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Author Topic: Will handwriting live on in Science and Engineering?  (Read 310 times)

Offline evan_au

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I've just listened to a discussion about whether schools should continue to teach kids handwriting, given that there are so many technical alternatives these days (eg texting, tablet computers, etc).

But in Science & Engineering, there is no really easy way to represent equations. Tools that support equations (like this website, or Microsoft products) almost expect you to learn a language or use a complex GUI to create the equations - not nearly as easy as scrawling them by hand on paper or a whiteboard!

And communication in Science and Engineering is really facilitated by drawing a diagram with some arrows and letters and numbers. You can't really do that with a keyboard, and it's not even very easy with a mouse.

So will handwriting live on in Science and Engineering long after most people have decided to ignore it as an obsolete technology?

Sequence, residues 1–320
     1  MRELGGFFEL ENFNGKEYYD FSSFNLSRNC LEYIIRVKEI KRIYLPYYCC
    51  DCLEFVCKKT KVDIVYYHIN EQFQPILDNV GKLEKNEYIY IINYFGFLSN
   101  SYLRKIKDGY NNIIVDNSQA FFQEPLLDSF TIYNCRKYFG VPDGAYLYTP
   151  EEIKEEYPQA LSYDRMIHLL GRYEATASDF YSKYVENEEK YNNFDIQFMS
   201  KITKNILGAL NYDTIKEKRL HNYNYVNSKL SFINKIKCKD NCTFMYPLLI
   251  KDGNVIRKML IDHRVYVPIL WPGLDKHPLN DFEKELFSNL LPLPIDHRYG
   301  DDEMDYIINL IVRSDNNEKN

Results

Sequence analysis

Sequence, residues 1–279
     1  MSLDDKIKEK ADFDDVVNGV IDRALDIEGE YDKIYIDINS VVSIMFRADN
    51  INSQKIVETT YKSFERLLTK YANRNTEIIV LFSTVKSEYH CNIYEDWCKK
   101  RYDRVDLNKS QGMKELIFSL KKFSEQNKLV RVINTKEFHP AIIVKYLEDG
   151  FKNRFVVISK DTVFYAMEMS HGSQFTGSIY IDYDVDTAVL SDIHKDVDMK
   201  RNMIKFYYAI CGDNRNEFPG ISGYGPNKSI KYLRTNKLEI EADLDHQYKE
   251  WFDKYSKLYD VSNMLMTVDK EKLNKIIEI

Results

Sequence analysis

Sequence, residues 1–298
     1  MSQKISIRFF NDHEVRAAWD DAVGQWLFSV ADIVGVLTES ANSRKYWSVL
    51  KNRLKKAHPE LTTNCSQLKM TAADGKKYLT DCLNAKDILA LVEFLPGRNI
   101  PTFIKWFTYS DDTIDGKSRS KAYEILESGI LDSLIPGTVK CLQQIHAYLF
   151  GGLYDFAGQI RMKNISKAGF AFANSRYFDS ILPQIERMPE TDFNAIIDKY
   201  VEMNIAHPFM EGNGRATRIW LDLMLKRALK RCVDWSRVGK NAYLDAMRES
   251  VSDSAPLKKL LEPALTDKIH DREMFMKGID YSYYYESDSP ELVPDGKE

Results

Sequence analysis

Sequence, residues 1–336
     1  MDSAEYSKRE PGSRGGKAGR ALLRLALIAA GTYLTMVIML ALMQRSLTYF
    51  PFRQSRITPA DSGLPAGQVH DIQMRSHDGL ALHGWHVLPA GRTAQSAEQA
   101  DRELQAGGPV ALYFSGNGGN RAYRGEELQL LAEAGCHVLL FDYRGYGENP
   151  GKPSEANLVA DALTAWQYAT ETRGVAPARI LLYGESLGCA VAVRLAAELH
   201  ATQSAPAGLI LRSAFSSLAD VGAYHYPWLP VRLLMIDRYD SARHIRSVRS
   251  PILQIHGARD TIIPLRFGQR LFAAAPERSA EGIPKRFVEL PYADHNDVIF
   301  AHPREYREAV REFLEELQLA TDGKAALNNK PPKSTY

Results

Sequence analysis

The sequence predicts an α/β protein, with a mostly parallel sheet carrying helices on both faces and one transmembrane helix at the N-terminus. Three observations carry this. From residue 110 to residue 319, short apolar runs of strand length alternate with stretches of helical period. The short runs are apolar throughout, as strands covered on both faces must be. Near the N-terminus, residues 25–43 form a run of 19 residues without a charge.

Or could it be subsumed under the banner of "art" - it carries the benefit of learning fine motor skills, without necessarily needing a practical application?

See: http://www.abc.net.au/radionational/programs/futuretense/handwriting/6738520
(The web-page takes 30 seconds; the podcast is 22 minutes.)
« Last Edit: 03/09/2016 10:40:46 by chris »


 

Offline jeffreyH

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Re: Will handwriting live on in Science and Engineering?
« Reply #1 on: 03/09/2016 12:02:57 »
There are collections holding digitised copies of handwritten corresponence exchanged between the prominent scientists of the past. These shed more light on their work, interactions and collaborations than scientific papers ever could. Would this still be the case with email correspondence? Ideas cannot be computerised. No matter what computer scientists say. As Evan points out. The freedom to express is facilitated by a keyboard.
 

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Re: Will handwriting live on in Science and Engineering?
« Reply #1 on: 03/09/2016 12:02:57 »

 

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